It's the first time the National Assessment of Educational Progress, known as the Nation's Report Card, measured how students performed on hands-on and interactive computer tasks like a professional scientist might. While traditional standardized tests grade students on what they know, people in the workforce are measured on how they apply what they've learned in school. This analysis moves away from "paper and pencil" tests and should allow for a different type of analysis by education experts.

The testing involved more than 2,000 students from public and private schools in fourth, eighth and 12th grades during the 2009 school year. In one task, 12th grade students were asked to determine the best location to build a town based on the quality of the water supply. The results show 75% of students could perform tests on water samples and tabulate data, but only 11% could "provide a valid final recommendation by supporting their conclusions with details from the data," according to the report.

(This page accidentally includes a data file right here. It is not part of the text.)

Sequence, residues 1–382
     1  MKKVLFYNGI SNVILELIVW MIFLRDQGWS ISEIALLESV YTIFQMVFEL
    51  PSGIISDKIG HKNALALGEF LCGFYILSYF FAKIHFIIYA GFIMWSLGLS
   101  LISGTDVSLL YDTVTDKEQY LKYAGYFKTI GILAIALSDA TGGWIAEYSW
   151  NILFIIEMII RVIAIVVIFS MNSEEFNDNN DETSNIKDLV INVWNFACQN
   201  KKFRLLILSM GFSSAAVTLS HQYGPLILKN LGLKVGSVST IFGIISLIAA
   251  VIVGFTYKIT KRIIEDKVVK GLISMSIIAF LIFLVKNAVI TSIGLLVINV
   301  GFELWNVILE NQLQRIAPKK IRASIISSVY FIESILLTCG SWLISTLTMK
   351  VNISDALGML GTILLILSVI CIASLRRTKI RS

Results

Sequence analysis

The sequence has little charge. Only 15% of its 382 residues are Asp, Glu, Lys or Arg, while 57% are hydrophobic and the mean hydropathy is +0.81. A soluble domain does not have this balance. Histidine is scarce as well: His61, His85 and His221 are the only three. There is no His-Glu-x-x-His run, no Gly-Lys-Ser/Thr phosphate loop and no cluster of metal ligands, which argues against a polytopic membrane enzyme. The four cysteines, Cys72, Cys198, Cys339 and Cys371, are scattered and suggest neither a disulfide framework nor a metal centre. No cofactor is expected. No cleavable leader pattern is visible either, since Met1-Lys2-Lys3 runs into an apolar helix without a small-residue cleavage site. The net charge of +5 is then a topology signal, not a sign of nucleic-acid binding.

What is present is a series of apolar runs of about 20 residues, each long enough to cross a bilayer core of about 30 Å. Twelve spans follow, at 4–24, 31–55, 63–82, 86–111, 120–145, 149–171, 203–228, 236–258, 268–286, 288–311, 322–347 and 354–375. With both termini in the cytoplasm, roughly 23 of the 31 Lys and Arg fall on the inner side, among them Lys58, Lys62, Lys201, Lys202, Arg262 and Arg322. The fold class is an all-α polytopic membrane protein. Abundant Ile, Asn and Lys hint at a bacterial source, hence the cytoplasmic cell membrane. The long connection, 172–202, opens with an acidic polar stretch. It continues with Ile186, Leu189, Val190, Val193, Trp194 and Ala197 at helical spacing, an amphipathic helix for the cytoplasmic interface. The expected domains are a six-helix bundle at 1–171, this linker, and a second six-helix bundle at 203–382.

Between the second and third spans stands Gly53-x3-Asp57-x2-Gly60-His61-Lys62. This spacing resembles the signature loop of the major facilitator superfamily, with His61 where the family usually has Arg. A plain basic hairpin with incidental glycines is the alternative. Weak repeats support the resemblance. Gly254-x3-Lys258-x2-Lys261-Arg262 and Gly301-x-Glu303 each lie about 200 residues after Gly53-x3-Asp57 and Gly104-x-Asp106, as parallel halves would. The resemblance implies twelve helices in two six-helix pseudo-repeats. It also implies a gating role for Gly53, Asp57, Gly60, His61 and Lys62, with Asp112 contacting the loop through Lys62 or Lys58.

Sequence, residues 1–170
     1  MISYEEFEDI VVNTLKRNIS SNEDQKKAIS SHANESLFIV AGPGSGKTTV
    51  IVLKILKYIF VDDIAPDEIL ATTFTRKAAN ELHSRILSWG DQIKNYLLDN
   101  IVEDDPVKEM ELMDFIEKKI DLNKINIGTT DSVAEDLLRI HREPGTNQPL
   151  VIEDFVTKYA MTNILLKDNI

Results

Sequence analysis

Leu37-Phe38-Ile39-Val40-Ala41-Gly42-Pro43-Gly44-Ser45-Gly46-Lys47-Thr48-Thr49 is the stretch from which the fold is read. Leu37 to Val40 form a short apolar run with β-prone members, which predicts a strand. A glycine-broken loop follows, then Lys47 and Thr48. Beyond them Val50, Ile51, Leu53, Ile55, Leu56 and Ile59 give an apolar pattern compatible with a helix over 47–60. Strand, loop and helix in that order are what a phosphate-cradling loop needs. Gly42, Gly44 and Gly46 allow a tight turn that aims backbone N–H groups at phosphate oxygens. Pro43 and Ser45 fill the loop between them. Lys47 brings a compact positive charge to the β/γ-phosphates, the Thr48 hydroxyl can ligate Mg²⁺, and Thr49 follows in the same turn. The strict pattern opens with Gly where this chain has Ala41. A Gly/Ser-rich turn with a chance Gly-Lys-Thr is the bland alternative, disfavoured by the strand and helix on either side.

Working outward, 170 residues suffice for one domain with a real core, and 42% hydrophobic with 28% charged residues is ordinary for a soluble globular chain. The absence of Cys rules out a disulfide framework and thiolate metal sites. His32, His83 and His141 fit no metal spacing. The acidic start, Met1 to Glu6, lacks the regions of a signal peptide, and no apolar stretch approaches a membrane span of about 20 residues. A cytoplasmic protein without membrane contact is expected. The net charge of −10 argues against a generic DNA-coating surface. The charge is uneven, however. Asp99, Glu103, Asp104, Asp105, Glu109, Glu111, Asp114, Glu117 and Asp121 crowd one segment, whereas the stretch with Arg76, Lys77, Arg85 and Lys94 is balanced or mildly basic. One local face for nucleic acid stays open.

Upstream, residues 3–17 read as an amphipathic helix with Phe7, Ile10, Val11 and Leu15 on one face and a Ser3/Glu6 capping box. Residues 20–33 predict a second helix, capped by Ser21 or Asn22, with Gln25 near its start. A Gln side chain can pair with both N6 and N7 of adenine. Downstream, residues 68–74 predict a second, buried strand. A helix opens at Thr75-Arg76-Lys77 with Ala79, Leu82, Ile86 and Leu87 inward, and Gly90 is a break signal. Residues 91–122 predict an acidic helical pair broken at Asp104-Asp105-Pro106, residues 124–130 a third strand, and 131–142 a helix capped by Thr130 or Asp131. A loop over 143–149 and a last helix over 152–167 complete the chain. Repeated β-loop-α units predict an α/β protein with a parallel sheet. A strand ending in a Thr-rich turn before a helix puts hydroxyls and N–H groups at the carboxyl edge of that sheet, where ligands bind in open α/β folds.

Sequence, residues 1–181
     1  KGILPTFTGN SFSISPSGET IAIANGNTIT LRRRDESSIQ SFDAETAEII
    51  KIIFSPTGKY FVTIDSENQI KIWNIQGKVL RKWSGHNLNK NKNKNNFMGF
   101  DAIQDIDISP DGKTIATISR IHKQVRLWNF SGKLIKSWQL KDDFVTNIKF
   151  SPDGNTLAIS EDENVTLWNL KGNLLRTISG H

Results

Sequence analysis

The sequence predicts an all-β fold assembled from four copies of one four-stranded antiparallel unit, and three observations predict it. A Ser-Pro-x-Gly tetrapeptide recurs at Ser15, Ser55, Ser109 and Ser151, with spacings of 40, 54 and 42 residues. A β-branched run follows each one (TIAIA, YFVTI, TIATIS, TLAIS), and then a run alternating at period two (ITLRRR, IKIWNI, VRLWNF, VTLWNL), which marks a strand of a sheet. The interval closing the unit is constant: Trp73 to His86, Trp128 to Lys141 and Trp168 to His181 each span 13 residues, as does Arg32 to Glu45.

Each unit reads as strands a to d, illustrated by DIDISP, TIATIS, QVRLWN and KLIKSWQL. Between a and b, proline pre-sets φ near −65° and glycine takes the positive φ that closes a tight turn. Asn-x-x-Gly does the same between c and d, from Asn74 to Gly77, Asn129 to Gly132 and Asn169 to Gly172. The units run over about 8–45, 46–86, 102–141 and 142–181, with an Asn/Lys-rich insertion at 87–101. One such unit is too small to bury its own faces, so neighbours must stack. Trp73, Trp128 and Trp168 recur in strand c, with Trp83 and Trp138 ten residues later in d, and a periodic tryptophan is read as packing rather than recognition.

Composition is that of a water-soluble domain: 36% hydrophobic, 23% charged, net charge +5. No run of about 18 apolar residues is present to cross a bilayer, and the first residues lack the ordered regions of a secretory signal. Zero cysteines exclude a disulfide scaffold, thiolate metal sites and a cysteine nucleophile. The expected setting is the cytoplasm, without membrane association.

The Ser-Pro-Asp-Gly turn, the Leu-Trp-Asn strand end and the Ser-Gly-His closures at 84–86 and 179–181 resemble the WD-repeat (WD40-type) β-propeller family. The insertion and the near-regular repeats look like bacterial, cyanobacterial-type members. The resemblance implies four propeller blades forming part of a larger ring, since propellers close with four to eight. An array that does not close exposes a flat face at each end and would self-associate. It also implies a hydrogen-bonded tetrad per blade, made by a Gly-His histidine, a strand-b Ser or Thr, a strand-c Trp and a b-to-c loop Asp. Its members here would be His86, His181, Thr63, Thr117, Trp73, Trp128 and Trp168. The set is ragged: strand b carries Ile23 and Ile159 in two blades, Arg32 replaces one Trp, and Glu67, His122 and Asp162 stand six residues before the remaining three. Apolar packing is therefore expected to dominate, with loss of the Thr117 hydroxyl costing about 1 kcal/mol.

"It's tragic that our students are only grasping the basics and not doing the higher-level analysis and providing written explanations needed to succeed in higher education and compete in a global economy," NAEP chairman David Driscoll said in a statement.

The report, "Science in Action: Hands-On and Interactive Computer Tasks from the 2009 Science Assessment," found that female students scored higher than their male counterparts on the hands-on on tasks, but male students scored high on the more traditional "paper and pencil" tests. No gender gap was found for interactive computer tasks.